Quite similar is the case of the Japanese film "Jan Arima no Kougeki" (“The assault by Jan Arima”, 1959), directed by Daisuke Ito, in which Esperanto was chosen to prevent protests by the Portuguese, as this was the language in which the speech of the enemies was scheduled to be filmed.
Another possibility is to use Esperanto to give an exotic touch. An example is the film "Road to Singapore" with Bing Crosby, Dorothy Lamour and Bob Hope (the first film of the popular "Road to ..." saga) in which the protagonists happen to reach a Pacific island, in which the songs of the natives are sung in this language.
There is also a brief scene in Esperanto in the film "Lady of the Tropics" also from 1939, with Hedy Lamarr and Robert Taylor.
Another role of language has been its use in futuristic movies to represent a common language in a hypothetical future. Thus, in the famous film "Gattaca" (1997) by Andrew Niccol, the language is heard briefly in two scenes (a loudspeaker in a space port).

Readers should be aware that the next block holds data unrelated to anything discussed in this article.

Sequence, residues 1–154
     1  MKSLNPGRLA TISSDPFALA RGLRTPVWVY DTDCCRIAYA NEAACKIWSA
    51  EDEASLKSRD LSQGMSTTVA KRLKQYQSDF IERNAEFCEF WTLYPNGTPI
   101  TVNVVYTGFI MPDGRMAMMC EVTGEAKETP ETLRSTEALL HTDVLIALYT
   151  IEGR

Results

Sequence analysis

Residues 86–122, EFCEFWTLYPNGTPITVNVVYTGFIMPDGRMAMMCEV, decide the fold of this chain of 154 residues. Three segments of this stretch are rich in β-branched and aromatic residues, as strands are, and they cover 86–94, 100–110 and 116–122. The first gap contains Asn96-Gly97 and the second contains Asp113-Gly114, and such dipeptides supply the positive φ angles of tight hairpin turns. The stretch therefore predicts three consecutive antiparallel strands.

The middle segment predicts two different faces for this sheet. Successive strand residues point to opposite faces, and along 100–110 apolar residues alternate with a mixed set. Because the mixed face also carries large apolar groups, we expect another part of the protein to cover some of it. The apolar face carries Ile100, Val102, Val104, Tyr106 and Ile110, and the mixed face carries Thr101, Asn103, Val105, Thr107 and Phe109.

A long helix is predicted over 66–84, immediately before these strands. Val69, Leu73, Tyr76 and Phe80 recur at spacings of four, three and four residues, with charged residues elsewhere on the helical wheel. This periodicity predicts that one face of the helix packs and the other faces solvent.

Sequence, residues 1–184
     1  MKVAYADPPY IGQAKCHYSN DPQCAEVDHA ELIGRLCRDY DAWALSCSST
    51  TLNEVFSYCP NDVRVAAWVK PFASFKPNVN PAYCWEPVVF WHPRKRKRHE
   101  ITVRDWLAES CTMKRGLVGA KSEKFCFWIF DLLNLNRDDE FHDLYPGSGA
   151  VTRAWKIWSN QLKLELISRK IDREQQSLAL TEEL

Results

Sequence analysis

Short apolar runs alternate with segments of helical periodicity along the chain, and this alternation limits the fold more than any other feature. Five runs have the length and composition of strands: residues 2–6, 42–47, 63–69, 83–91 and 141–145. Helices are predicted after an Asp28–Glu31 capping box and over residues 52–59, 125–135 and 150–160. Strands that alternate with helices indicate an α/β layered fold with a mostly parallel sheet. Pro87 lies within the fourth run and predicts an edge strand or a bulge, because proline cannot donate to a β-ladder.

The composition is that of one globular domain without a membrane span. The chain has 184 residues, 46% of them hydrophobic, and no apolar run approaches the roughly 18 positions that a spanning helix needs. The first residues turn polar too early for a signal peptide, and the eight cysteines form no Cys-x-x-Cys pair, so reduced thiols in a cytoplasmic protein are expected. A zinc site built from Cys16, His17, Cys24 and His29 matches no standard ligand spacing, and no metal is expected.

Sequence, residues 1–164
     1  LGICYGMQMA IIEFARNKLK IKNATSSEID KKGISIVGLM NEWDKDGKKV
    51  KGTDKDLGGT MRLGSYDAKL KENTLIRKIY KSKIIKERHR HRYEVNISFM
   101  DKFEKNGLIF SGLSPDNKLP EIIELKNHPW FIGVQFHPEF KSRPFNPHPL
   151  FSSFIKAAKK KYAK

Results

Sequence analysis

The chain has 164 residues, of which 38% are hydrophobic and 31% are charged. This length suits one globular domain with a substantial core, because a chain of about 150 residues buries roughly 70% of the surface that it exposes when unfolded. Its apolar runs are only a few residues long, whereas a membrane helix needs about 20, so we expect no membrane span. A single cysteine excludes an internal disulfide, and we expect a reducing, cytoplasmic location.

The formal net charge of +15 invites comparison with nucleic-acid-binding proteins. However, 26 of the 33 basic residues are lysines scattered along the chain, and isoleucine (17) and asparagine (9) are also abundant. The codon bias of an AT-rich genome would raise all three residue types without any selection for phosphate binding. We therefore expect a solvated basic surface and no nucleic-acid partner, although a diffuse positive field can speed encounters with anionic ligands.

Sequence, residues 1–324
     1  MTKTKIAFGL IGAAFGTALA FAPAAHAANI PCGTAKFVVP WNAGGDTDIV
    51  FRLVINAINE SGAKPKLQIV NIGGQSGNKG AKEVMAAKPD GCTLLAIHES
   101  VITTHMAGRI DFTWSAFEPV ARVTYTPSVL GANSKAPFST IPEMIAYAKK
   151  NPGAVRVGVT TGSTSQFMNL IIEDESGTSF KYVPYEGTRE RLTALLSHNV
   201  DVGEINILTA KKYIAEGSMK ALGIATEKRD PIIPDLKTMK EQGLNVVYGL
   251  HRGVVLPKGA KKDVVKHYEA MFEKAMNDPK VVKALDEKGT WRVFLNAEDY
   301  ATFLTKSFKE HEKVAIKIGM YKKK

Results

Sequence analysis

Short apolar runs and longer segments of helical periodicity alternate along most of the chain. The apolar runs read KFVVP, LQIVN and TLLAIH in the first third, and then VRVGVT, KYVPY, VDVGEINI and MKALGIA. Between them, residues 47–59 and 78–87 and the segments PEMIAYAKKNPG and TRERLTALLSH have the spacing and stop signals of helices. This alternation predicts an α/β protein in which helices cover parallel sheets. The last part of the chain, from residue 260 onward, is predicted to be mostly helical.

A similar effect, using signs in Esperanto, was intended in the film by Bulat Mansurov, "Blistaiushchii mir" (Russian title translated as "Bright World", 1984), based on a work by the Russian novelist Aleksandr Grin, which was shown in the Festival of Fantastic Cinema of Porto.
Finally, we have already considered the use of the language to convey a mystery effect, as in "Incubus."
Another special effect is achieved in a film of the year 1934, by Delmiro de Caralt entitled "Memmortigo". This is clearly a word in Esperanto, which means suicide. The film is silent, and the title is the only reference to the language. Delmiro (or Delmir) de Caralt is known as a pioneer and promoter of the avant-garde cinema in Spain. He was also one of the most important collectors of film paraphernalia, and has given his name to the Library of the Catalonian Film Institute.
Let’s also mention another interesting case: the famous film "The Thousand Eyes of Dr. Mabuse" ("Die Tausend Augen des Dr. Mabuse", 1960), the latest work by Fritz Lang, is based on a literary work originally written in Esperanto, ”Mr. Tot achetas mil okulojn” by Jan Fethke. Fethke (also known as Jean Forge) was a scriptwriter and director of numerous films in Poland and Germany (before the arrival of the Nazis). In the Esperanto movement he is known as a writer. At least one of his films, "Life will start tomorrow," originally filmed in German, was released in a version in Esperanto in 1934.